With much of the UK back in lockdown, possibly until March, the challenges of coronavirus continue. But there is light ahead.
This time, we have a vaccine. This time, we’re equipped with everything we learnt the first time around. And that means we know the importance of listening to people’s needs.
With the year starting with uncertainty about the state of school closures – making it hard for parents, carers, and teachers to plan ahead – things are now grimly clear. Online learning is now the only option for most school-aged children, at least until February.
The silver lining? This time around, this closure is almost certain to last at least to the end of the month – and likely covering February too. And having that knowledge is key (unlike Lockdown 1, where no-one expected how long the restrictions would last). But it still means you need to act now to support the carers and parents in your organisation.
Have you had to teach fractions to a 10 year old, wrangle a toddler, clean up after them both, and chair a 20-person call to explain how you’re going to meet financial targets – all at the same time? For remote working parents, that scene may look familiar.
Working from home while you’re kids not in school is a struggle. That’s obvious – and can be shown by the number of parents who’ve reached out for help. A work-life balance charity saw the amount of people getting in touch with their Legal Advice Services quadruple thanks to the pandemic, with 1 out of 7 having to change their work situation to accommodate childcare.
Offering flexibility is key, but considering the additional complexities some groups of working parents may face is also important.
As many, including us, have already spoken about, the pandemic has had a concerning impact on the working lives of women globally. Many see it as a backwards slide in gender equality – with one study finding 1 in 4 of women in corporate America were thinking of leaving their career or downgrading their role. But why is that?
In the first lockdown, figures showed women took on more childcare responsibilities than men – two thirds more, in fact. They were also much more likely to be concerned about being viewed negatively due to childcare. This is especially true for women in senior roles – as they’re more likely to have children, more likely to have partners that also work full-time, and more likely to be the only or one of few women at that level, the pressure is more than most.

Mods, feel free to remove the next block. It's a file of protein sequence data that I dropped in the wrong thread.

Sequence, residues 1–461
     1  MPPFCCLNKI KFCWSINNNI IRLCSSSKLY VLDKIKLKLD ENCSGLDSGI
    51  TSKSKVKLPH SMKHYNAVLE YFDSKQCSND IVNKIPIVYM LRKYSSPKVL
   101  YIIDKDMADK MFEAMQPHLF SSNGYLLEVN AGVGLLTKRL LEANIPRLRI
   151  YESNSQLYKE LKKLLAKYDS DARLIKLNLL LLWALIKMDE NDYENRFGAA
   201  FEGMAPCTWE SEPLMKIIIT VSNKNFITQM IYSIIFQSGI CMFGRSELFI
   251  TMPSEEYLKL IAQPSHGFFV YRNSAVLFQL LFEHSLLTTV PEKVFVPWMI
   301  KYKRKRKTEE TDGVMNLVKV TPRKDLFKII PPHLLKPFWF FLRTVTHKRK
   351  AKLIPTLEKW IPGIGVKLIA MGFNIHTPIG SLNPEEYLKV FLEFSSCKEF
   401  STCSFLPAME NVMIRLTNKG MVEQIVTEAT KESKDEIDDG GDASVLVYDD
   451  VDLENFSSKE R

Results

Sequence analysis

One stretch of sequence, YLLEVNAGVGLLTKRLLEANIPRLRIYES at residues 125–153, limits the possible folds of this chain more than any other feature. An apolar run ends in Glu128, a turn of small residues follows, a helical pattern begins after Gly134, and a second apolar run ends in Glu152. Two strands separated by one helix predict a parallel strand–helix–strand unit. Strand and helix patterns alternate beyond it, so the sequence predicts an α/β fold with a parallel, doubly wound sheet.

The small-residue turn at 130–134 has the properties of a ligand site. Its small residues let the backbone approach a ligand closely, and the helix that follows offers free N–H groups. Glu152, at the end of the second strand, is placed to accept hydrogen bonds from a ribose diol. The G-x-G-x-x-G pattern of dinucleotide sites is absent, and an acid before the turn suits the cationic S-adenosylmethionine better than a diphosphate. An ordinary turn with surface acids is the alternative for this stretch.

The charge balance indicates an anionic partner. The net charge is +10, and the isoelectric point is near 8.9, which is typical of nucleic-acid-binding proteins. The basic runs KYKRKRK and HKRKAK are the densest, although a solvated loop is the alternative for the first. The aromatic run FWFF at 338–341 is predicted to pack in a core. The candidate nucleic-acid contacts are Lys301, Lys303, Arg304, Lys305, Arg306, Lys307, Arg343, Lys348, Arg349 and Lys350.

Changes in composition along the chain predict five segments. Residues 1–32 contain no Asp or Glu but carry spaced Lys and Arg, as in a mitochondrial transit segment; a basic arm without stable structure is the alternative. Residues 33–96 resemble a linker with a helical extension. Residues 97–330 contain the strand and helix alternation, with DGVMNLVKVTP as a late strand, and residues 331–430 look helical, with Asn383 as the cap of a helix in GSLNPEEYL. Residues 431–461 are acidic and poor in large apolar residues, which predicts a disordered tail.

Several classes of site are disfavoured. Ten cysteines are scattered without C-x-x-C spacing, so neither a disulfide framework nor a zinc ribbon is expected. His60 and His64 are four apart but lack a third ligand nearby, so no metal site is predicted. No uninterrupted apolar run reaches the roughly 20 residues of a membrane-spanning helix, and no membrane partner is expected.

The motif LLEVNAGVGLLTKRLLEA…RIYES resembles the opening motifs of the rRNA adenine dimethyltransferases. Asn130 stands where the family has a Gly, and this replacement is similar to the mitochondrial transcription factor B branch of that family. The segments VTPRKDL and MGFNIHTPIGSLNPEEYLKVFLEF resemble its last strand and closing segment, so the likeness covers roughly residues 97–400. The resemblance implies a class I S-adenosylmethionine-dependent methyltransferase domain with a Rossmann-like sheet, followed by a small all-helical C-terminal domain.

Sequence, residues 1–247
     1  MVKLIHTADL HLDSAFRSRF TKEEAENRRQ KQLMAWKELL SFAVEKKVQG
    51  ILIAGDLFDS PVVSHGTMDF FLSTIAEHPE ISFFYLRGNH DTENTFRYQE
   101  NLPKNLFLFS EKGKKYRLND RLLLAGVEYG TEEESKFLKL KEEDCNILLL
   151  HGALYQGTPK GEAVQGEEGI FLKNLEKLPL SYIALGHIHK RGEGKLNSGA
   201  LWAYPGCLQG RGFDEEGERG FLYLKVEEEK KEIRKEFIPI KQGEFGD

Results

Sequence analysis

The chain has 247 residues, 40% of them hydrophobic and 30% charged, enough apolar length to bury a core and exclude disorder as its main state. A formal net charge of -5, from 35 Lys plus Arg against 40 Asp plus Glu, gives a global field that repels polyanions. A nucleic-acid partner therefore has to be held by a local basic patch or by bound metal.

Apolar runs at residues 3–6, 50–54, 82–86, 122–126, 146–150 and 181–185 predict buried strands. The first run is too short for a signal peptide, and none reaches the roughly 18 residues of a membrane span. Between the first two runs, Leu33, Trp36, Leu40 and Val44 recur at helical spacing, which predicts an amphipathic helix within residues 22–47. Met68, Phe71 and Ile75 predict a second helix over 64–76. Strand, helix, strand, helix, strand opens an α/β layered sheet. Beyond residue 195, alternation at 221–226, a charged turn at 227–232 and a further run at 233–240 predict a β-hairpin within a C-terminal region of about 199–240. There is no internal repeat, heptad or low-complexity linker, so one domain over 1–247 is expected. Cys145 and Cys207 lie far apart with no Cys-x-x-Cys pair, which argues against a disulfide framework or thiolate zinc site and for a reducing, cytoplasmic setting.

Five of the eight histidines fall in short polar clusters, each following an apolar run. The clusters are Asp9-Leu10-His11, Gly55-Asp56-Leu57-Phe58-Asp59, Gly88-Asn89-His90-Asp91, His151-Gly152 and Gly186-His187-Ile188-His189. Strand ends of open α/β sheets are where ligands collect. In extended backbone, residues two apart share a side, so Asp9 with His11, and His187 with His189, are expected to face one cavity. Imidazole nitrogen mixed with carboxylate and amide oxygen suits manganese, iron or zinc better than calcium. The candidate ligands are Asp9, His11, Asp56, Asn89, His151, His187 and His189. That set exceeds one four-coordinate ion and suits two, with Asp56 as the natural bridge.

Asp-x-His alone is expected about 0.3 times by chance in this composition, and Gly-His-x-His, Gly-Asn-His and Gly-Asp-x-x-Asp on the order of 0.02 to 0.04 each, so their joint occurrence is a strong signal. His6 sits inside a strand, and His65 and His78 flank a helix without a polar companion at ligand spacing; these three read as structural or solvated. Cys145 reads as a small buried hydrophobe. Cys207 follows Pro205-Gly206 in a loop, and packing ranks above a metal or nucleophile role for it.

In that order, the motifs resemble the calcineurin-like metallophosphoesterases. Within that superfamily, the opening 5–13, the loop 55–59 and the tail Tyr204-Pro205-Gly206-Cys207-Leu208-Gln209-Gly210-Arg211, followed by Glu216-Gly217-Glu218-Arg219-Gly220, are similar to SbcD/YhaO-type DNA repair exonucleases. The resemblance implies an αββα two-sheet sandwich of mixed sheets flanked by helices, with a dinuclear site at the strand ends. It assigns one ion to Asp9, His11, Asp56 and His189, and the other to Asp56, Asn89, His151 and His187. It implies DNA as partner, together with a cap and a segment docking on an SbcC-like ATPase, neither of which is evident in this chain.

If women are pushed out of the workforce, that’s a problem for your organisation. Reduced burnout, increased job satisfaction, and higher levels of dedication have been linked to higher numbers of women in an organisation – not to mention higher profits, sales, and revenue.
Women aren’t the only parents affected. Single parents, people from ethnic minority, and other carers have all faced their individual challenges – which makes it each organisation’s responsibility to listen, and respond to them all.
That charities have seen a surge in advice-seeking shows a need for clarity. Parents and carers in your organisation need to be absolutely clear on what your policies are around paid leave and flexible working for parents, and whether you can offer advice or support for childcare.
But more than that, you have to communicate your expectations around their working practices and performance. Do you expect them to be on call, can they have cameras off if kids are darting in and out of the room, are you being lenient about their targets and goals due to the situation? Whatever the answers are, tell them.
Whether you’ve founded the organisation, are in the senior team, work in HR, or line manage a handful of people, you’re in a position of influence. If you’re balancing care and work, be open about how difficult it is. Where talking about your children might have felt unprofessional in the past, there’s no place for that in the modern workplace.
Commiserate and laugh about the struggles, be visible about taking time out when you need to – whether it’s logging off for an hour, or a few days of annual leave – and make it clear that it’s ok.
Each carer or parent in your organisation will have their own challenges – and no-one expects you to anticipate them all. What is important, though, is listening. Give them a safe space to explain where they need help or understanding, whether it’s in a 121 or using an anonymous survey, and provide support based on their answers.
Listening and really hearing can be hard, especially when you have a large workforce. And that’s where our survey solution comes in – employee surveys with some open-text questions, and a powerful analysis tool can identify specific problems in specific groups. That way, you know where to focus. And at a time like this, that’s crucial.